If you aren’t a Co-op member, you can still sign up. Just ask at the Co-op counter, go to www.coop.co.uk/membership or phone 0800 023 4708.


Thank you.



A Henry Morse van in the
                                                          1930sBrundall's blooming rose businesses

Brundall once had a thriving horticultural industry. It’s said that coaches used to stop just so the occupants could admire the sight and scent of fields of roses.One of Henry Morse's trucks is pictured right, in the 1930s.

Discover the stories of Henry Morse and Co and Ronald Tooke.


Listed Brundall signal box on the move

The signal box at Brundall Station, which was
given Grade II listed status for its special architectural and historic interest in 2013, is no longer needed because of the new signalling project which is now complete between Norwich, Great Yarmouth and Lowestoft. Because it is listed, it cannot be left to decay, and so,according to the EDP,  it is going to the Mid Norfolk Railway based in Dereham, who will be able to preserve it. However no plans have been finalised.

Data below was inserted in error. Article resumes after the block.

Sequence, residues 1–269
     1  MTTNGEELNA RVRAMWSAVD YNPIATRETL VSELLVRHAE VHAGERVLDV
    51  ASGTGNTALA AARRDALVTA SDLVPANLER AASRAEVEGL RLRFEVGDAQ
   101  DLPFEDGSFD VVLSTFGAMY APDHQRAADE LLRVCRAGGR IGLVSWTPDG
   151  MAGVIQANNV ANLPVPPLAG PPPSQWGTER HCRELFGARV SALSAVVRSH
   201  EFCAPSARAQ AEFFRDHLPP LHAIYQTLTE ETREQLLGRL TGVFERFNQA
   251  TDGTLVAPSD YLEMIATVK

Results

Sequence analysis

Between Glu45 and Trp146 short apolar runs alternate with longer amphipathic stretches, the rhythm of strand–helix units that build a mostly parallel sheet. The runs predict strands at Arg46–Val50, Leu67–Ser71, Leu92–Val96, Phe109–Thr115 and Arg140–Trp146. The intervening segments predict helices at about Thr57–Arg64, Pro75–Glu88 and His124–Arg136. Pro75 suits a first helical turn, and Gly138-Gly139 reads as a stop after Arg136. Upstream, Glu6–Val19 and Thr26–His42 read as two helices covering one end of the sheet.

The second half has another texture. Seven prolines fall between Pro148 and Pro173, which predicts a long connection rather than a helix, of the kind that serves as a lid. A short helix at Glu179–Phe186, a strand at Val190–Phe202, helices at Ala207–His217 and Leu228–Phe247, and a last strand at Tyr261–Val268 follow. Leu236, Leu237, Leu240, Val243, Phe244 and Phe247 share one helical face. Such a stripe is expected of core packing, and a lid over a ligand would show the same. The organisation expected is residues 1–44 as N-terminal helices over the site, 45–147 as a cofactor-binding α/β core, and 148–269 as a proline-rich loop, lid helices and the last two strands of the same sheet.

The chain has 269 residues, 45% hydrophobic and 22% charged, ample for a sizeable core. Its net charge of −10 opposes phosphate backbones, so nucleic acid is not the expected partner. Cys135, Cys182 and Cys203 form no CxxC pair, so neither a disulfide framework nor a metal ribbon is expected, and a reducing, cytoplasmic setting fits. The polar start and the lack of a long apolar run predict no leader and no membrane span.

More about the signal box.


New grant to help archive holders - including Brundall Local History Group


Norfolk County Council’s Record Office (NRO) has been awarded a grant by The National Lottery Heritage Fund of up to £217,400 to support a new three-year project entitled, Community Archives: Skills, Support and Sustainability. As the name suggests, the project will provide communities with the skills and support they need to create sustainable community archives. The grant will be used to recruit two community archivists to work across Norfolk with community groups across the county to train people in archive skills, such as cataloguing their collections, digitization and recording oral history interviews. This will mean people now and in the future can locate and consult historically important resources.

Cabinet member Margaret Dewsbury said: “Local community groups are in an excellent position to identify archives relating to their local area or special interest. Without this, our community memories will fade, and parts of Norfolk’s heritage will be lost. It’s fantastic that we have gained this funding from The National Lottery Heritage Fund which will enable the Norfolk Record Office to work with communities to secure and make available to everyone these important resources. As well as providing a fascinating window into Norfolk’s past, archives are a wonderful aid to community cohesion and integration.”